Stan and Ollie is a 2018 biographical comedy-drama film by Jon S. Baird, written by Jeff Pope. Based on the later years of comedy doppelganger Laurel Hardy, Steve Coogan and John C. Reilly play Laurel and Oliver, respectively.
The film premiered on October 21 at the closing of BFI London Film Festival on November 21, 2018. Following the premiere of The End of the Tour at the BFI LFF 2018, the film received consistently positive reviews from critics. The film premiered at the 2018 British Film Festival (BFF) Closing Gala at Cineworld Leicester Square on September 21, 2018.
In 1996, Rolling Stone author David Lipsky spent five days interviewing the celebrated novelist and essayist David Foster Wallace (Jason Segel, who you may never have seen). The film is based on the 2010 book The Course of How You End Up Becoming Yourself by the same author. But it wasn’t just depression that hung over Wallace that plagued him and in 2008 Lipsky’s use of the material became the basis for his book. The book won a national magazine award for the story that led to it.
Featuring Jason Segel as Rolling Stone writers David Lipsky and Jesse Eisenberg, we follow Segel as they interview Wallace in Infinite Jest: The Book Tour. Segel, in particular, is terrific in portraying Wallace as a rounded and heartbreaking character.
It’s wonderful to see a film about intimacy, love and hope having its UK premiere at the LFF, says Lee. The film blows through thanks to its short running time and good speed, but it is impressive to convey that it feels more like it could have ended at least in the final cut. Coupled with well-coordinated performances by Segel and Eisenberg, The End of the Tour is an entertaining and inspiring introspection at its best, combining cerebral thoughtfulness, rich character chemistry and genuine human warmth.
It is one of the best explorations of a specific dynamic cultural giant in cinema about a reporter who fantasizes about becoming as big as his subject in the same field one day. It is not a biography of the man, let alone a celebration of his work or worldview. Whether this proves to be a breach of contract or a bonus or non-factor for the viewer depends on how he wants it.
It’s one of those festivals with lots of bonuses, where smaller releases can keep up with Hollywood’s big boys without getting so much attention. For those who have never shown in this country, it is worth checking out the Leaf programme, watching some of the film reviews and taking some risks.
This year’s BFI London Film Festival had a closing gala, with writer and director Francis Lees presenting the long-awaited sequel to Gods Own Country. The film brought down the curtain on October 18 with simultaneous screenings in cinemas around the UK and a virtual introduction by the cast.
Playwright Donald Margulies’ Dinner with Friends adapts David Lipsky’s book Of Course You End Up Becoming Yourself (Lipsky, Five Days on the Road), which Wallace filmed in 1996 when he finished his promotional tour for Infinite Jest. The artist Clio Barnard switches from shooting for the late playwright Andrea Dunbar with Rita Sue Bob to a rather ordinary documentary. The film mixes interviews with Dunbar’s family and friends, sees lip-syncing actors behind the scenes while his plays are performed on the playwright’s estate, and live television footage of Dunbar in the 1980s, creating a fascinating and inventive game of fact, fiction and reminiscences.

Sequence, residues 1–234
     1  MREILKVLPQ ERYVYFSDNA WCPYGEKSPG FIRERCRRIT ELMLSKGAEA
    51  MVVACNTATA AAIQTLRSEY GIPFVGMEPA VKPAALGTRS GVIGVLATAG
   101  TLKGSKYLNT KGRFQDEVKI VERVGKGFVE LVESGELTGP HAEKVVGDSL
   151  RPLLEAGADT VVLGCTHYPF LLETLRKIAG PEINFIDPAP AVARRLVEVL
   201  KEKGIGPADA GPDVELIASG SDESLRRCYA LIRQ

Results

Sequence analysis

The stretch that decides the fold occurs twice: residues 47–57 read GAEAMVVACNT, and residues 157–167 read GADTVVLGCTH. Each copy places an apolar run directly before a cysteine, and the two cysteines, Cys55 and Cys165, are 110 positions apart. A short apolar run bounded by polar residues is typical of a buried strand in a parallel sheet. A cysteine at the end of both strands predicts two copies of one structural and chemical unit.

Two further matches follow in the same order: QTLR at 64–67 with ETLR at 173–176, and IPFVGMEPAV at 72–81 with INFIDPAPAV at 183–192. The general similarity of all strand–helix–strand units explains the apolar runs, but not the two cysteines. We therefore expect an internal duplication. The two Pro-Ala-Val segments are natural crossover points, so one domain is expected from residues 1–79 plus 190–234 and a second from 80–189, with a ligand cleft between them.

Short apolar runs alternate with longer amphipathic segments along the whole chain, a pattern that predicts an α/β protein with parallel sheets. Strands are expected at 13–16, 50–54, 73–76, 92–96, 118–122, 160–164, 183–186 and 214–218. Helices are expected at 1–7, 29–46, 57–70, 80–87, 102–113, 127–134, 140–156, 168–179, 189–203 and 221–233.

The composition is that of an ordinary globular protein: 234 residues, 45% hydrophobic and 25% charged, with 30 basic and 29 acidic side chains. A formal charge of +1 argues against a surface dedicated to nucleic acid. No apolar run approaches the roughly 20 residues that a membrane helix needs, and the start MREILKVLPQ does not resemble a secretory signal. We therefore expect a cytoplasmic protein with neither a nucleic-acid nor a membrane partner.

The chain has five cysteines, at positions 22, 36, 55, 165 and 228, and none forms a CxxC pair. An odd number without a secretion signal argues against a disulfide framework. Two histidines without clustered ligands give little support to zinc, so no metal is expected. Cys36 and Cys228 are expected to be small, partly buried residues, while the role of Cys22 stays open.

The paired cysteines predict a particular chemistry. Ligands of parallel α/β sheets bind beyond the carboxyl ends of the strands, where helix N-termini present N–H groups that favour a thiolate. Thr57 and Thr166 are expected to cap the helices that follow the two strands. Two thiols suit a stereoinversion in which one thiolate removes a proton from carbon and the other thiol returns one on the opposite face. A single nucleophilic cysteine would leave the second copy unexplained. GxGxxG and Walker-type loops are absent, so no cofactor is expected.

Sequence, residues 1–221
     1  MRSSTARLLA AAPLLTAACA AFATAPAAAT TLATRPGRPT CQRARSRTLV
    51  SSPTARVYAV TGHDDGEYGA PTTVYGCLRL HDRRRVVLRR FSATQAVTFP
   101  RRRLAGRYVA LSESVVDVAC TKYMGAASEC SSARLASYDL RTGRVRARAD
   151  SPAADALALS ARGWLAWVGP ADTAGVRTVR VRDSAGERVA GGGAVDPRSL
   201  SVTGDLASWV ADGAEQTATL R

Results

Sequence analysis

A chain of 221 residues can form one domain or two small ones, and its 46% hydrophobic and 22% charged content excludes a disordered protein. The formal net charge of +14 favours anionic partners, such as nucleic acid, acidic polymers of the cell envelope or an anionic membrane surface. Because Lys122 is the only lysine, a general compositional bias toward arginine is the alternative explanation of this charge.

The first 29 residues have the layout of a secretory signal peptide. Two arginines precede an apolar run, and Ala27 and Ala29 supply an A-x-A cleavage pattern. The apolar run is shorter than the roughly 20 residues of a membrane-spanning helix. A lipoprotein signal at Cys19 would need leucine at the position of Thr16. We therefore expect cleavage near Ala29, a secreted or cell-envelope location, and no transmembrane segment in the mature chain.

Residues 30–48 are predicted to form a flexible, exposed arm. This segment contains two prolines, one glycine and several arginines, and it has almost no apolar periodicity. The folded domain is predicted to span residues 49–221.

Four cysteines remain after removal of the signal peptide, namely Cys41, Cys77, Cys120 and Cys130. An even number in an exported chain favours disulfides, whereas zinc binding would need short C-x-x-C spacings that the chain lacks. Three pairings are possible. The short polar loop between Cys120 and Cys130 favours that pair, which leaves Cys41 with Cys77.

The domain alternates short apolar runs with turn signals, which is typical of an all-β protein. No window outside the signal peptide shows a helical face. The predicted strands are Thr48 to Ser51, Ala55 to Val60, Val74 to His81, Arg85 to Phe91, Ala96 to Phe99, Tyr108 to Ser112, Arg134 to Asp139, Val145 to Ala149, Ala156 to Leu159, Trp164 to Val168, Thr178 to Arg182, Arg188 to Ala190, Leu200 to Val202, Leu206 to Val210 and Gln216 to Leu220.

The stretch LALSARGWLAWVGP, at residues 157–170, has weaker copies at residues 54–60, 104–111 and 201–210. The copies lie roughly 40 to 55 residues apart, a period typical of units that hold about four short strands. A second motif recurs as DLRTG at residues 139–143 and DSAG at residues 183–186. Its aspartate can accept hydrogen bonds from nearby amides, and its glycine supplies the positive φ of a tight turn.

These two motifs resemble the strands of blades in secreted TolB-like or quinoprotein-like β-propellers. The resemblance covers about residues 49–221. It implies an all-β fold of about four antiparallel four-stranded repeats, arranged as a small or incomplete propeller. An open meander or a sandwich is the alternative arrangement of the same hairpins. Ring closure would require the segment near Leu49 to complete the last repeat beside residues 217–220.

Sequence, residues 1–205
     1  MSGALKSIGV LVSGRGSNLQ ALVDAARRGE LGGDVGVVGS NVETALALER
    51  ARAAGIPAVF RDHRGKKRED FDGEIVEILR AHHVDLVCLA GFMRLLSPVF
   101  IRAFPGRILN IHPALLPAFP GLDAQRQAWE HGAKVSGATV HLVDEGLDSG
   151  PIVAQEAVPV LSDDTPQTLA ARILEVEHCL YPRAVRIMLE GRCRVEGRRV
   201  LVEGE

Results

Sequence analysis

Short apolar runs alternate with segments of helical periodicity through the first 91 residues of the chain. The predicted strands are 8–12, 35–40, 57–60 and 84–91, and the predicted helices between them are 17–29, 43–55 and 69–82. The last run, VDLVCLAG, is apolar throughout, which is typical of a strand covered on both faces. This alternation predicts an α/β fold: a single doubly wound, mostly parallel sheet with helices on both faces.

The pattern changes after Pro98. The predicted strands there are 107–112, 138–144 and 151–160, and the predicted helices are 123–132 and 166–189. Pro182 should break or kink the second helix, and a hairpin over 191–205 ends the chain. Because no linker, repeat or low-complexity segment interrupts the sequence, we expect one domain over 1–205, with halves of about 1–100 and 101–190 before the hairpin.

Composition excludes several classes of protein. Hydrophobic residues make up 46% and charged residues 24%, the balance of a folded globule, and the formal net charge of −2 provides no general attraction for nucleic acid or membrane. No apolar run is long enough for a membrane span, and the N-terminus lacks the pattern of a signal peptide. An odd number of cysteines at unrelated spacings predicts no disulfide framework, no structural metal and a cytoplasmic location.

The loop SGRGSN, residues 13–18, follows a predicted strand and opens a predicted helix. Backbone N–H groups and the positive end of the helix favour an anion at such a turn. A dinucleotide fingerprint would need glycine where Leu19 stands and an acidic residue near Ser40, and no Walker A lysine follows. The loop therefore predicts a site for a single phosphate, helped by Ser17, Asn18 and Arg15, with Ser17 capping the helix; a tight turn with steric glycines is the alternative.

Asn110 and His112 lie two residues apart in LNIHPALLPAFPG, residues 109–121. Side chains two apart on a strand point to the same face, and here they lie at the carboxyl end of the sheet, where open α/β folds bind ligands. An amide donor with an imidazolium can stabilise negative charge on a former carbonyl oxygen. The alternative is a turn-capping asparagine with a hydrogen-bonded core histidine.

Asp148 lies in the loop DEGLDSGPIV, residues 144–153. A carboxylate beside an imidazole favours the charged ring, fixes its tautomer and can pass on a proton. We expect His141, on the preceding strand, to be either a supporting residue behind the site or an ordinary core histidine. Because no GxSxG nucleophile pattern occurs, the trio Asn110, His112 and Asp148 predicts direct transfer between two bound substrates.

Lipsky is the co-writer of Rolling Stone, convincing his editor to authorize an outrageous profile of a writer in the shadow of the film’s Wallace. The 34-year-old’s autographs and other appearances in the Midwest are sensational if uncomfortable. Lipsky is not of Wallace’s intellectual level, but he is smart, a good listener, excellent at keeping topics open, and his demeanor is anything but presumptuous. In this way, they conduct what he calls “the best conversation I’ve ever had.”.
The way in which Sam Tusker wants to take his story into his own hands, which turns out to be a gradual offer of servitude to the freedom he wants to offer others, is marked by pressure and pull.
The cinematography by Raoul Coutards and the music by George Delerues enhance the beauty and the penetration. Small revelations emerge in the course of the film – Tusker, for example, makes Sam his future companion for a month – and employs a deft hand of direction to linger at every moment, each line of dialogue building a layer of narrative around a deeply rooted sense of history between them. It is only natural that the lightness and calm, grounded emotion of the characters soften the clichéd edges of the films and that some dialogue and narrative threads feel a little predictable.
Antonioni’s masterpiece in the middle of his career, his first colour film in color, tells the story of Giuliana (Monica Vitti), a young woman in a psychological and emotional crisis who begins an affair. The Red Desert is a world fable, a fantasy, a fantasy, a hallucination. It is a breathtaking film by a great Italian author, a deserved winner of the Golden Lion at the Venice Film Festival in 1965 and a highlight of post-war European cinema.
Riz Ahmed plays a young British-Pakistani rapper who just completed a small but successful solo tour. He landed a spot as the opening act for a famous artist on his upcoming world tour.
He begins a new tour, but when he returns to his family home in London, he ends up in hospital and his career plans for the immediate future are in jeopardy. Before sailing to Ireland to continue the tour, Stan admits that no matter what the film is, they will continue to work on it. Surprised, he asks if he knows the truth, and Oliver says they do.